Dynamic zones of higher soil oxygen caused by roots
Anyone who has attempted an experiment in soils knows how challenging it can be. Why, and how, then would a scientist measure soil oxygen in profiles less than 1mm from the root surface?
The challenge was accepted by Jensen and colleagues from the University of Copenhagen, Denmark. They decided to measure sediment oxygen profiles perpendicular and parallel to the roots of the seagrass, Zostera marina, to determine the extent and rate of oxygen loss from the roots.
Oxygen loss from roots of aquatic plants has important ecological and biogeochemical consequences. The underwater substrate is typically anoxic or anaerobic so any input of oxygen into the sediment will alter microbial species composition. Increase oxygen can also affect sulphate reduction and release of hydrogen sulfide (H2S), among other biogeochemical processes.
Jensen et al collected Z. marina specimens from the field, along with sediment and marine water. They proceeded to set up a lab experiment imposing various levels of light (photosynthetically active radiation) on the seagrass and to measure sediment oxygen profiles perpendicular and parallel to the root tip.
Oxygen profiles were measured with Unisense oxygen microelectrodes connected to a motorised profiling system. A fluorescence-lifetime imaging system was also used to map the extent of oxygen loss from the seagrass roots.
An example of a Unisense laboratory based microprofiling system measuring oxygen gradients of samples at a microscale.
The oxygen microsensors had a measuring tip ranging in diameter from 10 to 130μm. The motorised microprofiling system moved the sensors in 1mm incremental steps starting at the root tip. The microprofiling system can also move in smaller increments, such as 100μm steps, if required. These micro sized sensors enabled the scientists to measure oxygen profiles at a very fine scale in the rhizosphere.
An example of a microsensor tip at the surface of photosynthetic biofilm. These microsensors can measure at the micron (μm) scale for very fine spatial resolution of environmental parameters.
The research found that, measuring backwards and parallel to the root tip (that is, along the root surface going from the young, growing portion to the mature portion), oxygen concentration was maximum at 2mm from the root tip and was virtually zero around 6mm from the root tip. Measurements perpendicular to the root surface, at 2mm from the root tip, found that oxygen concentration was zero at approximately 1mm distance into the sediment (see Figure 4B in Jensen et al 2005).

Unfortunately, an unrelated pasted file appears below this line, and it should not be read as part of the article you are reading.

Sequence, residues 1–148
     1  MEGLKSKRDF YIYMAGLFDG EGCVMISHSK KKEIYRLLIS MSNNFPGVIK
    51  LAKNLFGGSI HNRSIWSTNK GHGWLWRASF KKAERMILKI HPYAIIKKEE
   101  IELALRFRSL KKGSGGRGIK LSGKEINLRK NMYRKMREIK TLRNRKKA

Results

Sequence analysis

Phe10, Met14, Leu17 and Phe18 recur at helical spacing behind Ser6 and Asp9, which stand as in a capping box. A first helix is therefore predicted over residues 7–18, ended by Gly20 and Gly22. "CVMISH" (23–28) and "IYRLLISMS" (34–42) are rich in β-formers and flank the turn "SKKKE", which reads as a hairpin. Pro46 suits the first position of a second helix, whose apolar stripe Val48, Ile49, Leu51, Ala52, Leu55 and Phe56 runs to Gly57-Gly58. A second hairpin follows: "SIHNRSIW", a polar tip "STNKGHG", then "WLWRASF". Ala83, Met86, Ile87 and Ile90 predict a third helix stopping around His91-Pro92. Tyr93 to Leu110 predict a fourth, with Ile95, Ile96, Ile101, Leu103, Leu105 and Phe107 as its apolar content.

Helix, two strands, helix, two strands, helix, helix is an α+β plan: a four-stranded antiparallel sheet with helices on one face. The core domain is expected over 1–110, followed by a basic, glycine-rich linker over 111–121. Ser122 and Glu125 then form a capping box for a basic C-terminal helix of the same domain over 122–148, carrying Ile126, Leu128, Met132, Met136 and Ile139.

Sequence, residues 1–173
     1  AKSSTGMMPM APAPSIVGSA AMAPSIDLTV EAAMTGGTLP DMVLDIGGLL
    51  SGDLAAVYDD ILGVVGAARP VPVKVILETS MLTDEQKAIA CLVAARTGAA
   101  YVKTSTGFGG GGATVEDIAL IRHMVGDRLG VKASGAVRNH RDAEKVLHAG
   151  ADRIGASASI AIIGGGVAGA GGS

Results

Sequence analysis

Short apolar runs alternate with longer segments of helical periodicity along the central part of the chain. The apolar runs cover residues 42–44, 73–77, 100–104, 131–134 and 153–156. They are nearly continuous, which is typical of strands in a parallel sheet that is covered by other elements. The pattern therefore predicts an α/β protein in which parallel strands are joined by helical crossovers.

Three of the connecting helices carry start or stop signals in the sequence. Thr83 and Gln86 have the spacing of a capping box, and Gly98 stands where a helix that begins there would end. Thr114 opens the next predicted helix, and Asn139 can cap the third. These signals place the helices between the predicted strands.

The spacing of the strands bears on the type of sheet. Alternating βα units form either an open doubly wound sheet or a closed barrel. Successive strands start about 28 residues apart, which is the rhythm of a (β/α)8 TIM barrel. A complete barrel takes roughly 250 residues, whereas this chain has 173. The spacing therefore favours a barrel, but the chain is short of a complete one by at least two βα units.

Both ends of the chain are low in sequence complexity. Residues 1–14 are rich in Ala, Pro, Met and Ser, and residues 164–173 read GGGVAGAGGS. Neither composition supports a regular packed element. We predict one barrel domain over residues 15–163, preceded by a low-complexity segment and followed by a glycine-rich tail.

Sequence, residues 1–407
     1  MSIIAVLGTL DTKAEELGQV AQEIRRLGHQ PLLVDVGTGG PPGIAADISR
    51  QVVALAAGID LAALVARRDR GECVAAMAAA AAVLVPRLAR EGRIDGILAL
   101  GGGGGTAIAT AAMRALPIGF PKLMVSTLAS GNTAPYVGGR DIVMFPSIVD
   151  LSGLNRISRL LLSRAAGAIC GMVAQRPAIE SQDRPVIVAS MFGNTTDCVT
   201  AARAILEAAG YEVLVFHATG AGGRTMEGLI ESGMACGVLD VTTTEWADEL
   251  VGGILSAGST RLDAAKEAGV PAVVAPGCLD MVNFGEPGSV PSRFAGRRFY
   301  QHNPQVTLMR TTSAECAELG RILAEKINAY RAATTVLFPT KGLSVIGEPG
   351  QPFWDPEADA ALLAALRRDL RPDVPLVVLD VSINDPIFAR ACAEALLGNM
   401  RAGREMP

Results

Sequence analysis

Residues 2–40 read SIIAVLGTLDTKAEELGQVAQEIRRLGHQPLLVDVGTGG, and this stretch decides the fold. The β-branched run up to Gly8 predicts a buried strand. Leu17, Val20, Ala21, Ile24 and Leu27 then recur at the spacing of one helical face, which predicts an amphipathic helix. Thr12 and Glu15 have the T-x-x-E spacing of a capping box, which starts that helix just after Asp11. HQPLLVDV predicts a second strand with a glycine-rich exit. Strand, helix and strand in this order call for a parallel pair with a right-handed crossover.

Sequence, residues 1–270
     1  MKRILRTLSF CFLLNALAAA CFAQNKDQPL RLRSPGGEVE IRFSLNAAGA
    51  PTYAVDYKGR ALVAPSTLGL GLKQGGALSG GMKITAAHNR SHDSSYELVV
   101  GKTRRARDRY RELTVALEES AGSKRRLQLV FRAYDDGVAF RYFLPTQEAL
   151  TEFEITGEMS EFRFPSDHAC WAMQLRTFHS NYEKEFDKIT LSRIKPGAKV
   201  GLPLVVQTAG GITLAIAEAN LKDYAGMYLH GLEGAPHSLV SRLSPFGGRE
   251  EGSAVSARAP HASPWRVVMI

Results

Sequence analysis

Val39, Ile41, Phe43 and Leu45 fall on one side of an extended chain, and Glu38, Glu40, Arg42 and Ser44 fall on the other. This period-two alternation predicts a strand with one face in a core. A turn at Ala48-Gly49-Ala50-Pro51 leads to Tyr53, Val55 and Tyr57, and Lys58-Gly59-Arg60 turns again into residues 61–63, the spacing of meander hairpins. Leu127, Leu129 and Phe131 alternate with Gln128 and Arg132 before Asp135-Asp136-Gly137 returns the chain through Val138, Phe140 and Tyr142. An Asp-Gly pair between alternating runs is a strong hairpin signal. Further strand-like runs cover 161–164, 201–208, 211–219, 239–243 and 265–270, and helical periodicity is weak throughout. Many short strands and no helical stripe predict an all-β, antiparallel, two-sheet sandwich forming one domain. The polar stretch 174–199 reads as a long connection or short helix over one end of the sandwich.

The microsensor results were supported by the fluorescence-lifetime imaging system. This system clearly showed that there was a specific zone of higher oxygen concentration around the root tip, as seen in Figure 5 in Jensen et al 2005.
The fluorescent image gives an idea of how oxygen can have an impact on sediment ecology and biogeochemistry. Within the “halo” of higher oxygen concentration around the root tip, aerobic microbes can potentially exist whereas anaerobically adapted microbes will be found in the black-coloured sediment. The biogeochemistry between these two areas will also differ.
The “halo” of oxygen can also act as a protective shield for the root tip against H2S from entering and damaging the root.
Most interestingly, the root tip was found to grow at 5mm length per day. Therefore, this “halo” is effectively moving through the anoxic sediment at 5mm per day bringing a highly dynamic effect to a system that would otherwise have been viewed as largely inert.
Oxygen microsensors can be used to measure fine scale patterns of oxygen concentration in an otherwise challenging experimental environment. Although this case study showed this is possible in seagrass sediments, it would be interesting to apply such an experimental approach to other plants and ecosystems.
related case studies and articles
- What is a micro-electrode (Clark-type sensor)?
- Photosynthetic biofilms
- Why it matters when a tiny species goes extinct
Jensen, SI et al. 2005. Oxic microzones and radial oxygen loss from roots of Zostera marina. Marine Ecology Progress Series, 293: 49-58.